A senior solicitor was fired from two firms in connection with threats he made to his ex-girlfriend, RollOnFriday understands.

'Sacko', whom RollOnFriday is not identifying, has enjoyed a lucrative career working at multiple top firms in London. 

But his many moves were not entirely by choice, according to two sources. As an associate he was fired from Latham & Watkins after he received a police caution for threatening his ex, according to an insider.

Coincidentally, Latham's Managing Partner was also forced to resign from the firm for intimidating a woman. Bill Voge threatened the wife of a man he met through a Christian men's group with prison if she went public with sexually explicit messages he sent her. 

Unlike Voge's redeemer, Sacko eschewed a period in the wilderness and moved immediately to another firm's City office. But he did not disclose the caution and when the firm found out, it also fired him, RollOnFriday understands. Coincidentally, that firm has also been accused of treating women poorly.


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Sacko is now at a new firm, which has not been afflicted with (many) stories of sexual malpractice. However, given the Curse of Sacko, it probably won't be long.

Sacko said elements of the account put to him were untrue, but refused to say which. His former firms declined to comment. RollOnFriday has not approached his current firm.

Tip Off ROF

Comments

Anonymous 27 September 19 08:36

Although a firm may have been accused of treating  women poorly, that doesn't mean it actually did. If the accusations are not true then it is the firm who has been treated badly.

Anonymous 27 September 19 09:04

Does this raise an issue about references? I know of several people who have been sacked for behaviour issues like bullying by several firms and just moved on to another. Apparently firms are stupid enough not to see through cvs but doesn’t a firm that sacks someone for not mentioning something like this have an obligation to make sure the offender doesn’t repeat the same offence?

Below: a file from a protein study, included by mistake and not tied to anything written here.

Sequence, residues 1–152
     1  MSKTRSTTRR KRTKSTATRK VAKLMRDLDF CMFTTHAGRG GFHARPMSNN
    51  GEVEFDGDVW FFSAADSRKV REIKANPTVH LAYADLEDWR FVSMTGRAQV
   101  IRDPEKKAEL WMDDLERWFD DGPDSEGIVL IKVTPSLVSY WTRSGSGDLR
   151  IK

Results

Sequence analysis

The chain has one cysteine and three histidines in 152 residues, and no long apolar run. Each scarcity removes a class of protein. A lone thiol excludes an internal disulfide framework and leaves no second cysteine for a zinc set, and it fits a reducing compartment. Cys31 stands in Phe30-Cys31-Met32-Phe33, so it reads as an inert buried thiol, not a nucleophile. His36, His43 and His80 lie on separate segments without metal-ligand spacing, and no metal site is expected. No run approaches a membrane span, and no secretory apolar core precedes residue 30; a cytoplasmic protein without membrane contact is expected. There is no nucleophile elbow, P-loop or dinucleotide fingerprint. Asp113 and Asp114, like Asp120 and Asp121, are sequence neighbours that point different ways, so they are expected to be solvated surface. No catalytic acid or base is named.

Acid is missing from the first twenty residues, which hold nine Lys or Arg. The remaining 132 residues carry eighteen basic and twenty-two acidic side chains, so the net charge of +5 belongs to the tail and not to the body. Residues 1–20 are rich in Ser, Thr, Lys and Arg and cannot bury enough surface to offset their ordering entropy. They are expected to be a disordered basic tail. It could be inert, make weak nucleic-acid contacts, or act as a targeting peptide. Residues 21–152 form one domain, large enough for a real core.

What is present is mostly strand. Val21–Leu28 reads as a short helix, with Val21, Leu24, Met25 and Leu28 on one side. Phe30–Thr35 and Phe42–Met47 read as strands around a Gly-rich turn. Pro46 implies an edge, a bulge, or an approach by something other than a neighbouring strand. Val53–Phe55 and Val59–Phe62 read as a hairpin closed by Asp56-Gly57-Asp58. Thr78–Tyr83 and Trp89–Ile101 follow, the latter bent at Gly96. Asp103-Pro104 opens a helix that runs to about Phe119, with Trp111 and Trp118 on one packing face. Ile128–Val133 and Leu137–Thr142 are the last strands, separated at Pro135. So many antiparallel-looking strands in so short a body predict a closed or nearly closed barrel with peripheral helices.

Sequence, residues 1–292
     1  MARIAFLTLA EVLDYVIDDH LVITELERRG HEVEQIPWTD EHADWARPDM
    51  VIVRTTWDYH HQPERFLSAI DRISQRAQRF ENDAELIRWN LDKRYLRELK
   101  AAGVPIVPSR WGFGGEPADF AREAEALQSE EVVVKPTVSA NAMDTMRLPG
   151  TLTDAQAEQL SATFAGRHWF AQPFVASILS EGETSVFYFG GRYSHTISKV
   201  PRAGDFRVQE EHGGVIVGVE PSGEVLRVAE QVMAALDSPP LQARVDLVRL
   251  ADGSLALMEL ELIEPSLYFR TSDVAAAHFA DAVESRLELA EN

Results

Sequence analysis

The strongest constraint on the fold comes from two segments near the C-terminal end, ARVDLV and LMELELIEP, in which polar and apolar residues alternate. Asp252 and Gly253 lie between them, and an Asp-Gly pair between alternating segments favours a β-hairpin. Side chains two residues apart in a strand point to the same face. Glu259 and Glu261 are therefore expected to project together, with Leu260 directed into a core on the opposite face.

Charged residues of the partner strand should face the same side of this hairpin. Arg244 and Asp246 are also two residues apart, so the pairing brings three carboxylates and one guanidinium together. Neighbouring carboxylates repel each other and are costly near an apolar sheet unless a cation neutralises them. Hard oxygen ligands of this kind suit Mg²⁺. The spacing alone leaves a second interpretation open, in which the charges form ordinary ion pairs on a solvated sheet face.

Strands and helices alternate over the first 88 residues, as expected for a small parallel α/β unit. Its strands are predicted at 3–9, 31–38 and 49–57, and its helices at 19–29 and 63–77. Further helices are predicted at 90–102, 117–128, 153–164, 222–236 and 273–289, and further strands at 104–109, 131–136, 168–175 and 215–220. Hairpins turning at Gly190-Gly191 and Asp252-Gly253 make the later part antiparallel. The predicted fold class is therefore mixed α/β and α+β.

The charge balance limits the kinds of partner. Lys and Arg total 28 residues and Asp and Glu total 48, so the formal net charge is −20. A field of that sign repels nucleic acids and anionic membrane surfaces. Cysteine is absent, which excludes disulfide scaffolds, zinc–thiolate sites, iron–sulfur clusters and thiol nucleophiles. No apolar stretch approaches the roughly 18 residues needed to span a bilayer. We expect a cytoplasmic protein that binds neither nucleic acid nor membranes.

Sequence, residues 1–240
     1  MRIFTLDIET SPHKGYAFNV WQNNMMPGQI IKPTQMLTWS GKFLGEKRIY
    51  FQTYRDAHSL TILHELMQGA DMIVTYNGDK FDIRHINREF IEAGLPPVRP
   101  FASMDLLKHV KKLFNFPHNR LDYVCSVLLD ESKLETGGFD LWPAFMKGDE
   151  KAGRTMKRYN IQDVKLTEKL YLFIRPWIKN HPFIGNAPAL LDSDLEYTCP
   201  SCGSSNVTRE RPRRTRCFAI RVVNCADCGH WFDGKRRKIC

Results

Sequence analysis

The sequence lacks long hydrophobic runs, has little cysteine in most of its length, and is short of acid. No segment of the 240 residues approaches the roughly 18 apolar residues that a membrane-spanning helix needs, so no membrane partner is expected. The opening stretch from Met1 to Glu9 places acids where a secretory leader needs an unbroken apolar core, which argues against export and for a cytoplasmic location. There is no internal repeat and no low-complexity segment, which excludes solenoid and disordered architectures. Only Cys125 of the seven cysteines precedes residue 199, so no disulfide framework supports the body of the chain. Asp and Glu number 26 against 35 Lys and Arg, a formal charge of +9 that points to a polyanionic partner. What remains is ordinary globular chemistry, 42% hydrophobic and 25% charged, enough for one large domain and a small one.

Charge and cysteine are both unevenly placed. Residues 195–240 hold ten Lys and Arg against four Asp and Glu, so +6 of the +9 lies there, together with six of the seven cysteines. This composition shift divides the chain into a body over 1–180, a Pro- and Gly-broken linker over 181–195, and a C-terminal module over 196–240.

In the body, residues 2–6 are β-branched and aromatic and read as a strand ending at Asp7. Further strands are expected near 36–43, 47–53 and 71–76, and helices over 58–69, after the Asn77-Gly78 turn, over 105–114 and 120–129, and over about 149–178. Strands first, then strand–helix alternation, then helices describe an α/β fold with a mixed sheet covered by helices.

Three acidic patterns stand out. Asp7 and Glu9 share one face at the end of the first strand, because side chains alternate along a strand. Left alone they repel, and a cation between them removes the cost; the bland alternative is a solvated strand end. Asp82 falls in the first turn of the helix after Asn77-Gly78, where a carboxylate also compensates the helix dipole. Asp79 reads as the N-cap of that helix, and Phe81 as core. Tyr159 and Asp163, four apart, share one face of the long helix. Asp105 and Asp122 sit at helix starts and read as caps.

Anon 27 September 19 10:12

So the second firm sounds like "[redacted by ROF]"? [you may be right - no more guesses in the comments though, please... - ROF]

Chuck 27 September 19 11:14

Did any of these firms not think to tell the SRA about the caution? Am I right in thinking you have to report those to them (useless as the SRA is, it should at least help where references fail)

Anonymous 27 September 19 13:33

I wouldn't think it would be relevant to include the caution in references 9.04 as it didn't relate to the workplace.

Anonymous 27 September 19 13:42

Not sure cautions need to be reported to the SRA. Even if they did, not sure the SRA are under any duty to tell the employer, and not sure the employer would take any action. I'd imagine there are a lot of lawyers in employment who have cautions.

Anonymous 27 September 19 13:57

Anon 13:33, if the caution was relevant enough to be grounds for dismissal, wouldn't it be relevant enough to mention it in a reference?

Would be interested to know if Firm 2 sacked because of the caution, or because Sacko failed to disclose.

pumpkin 27 September 19 14:18

Anonymous 13:42 above, when practising certificates are renewed you or the firm doing the bulk renewals have to disclose anyone who has received a caution/warning from the police, an ASBO, been charged/convicted of an offence which is not indictable or is under investigation or any disciplinary action by a professional/regulatory body in the last year. So you need to tell the SRA or if your firm is renewing for you, the firm.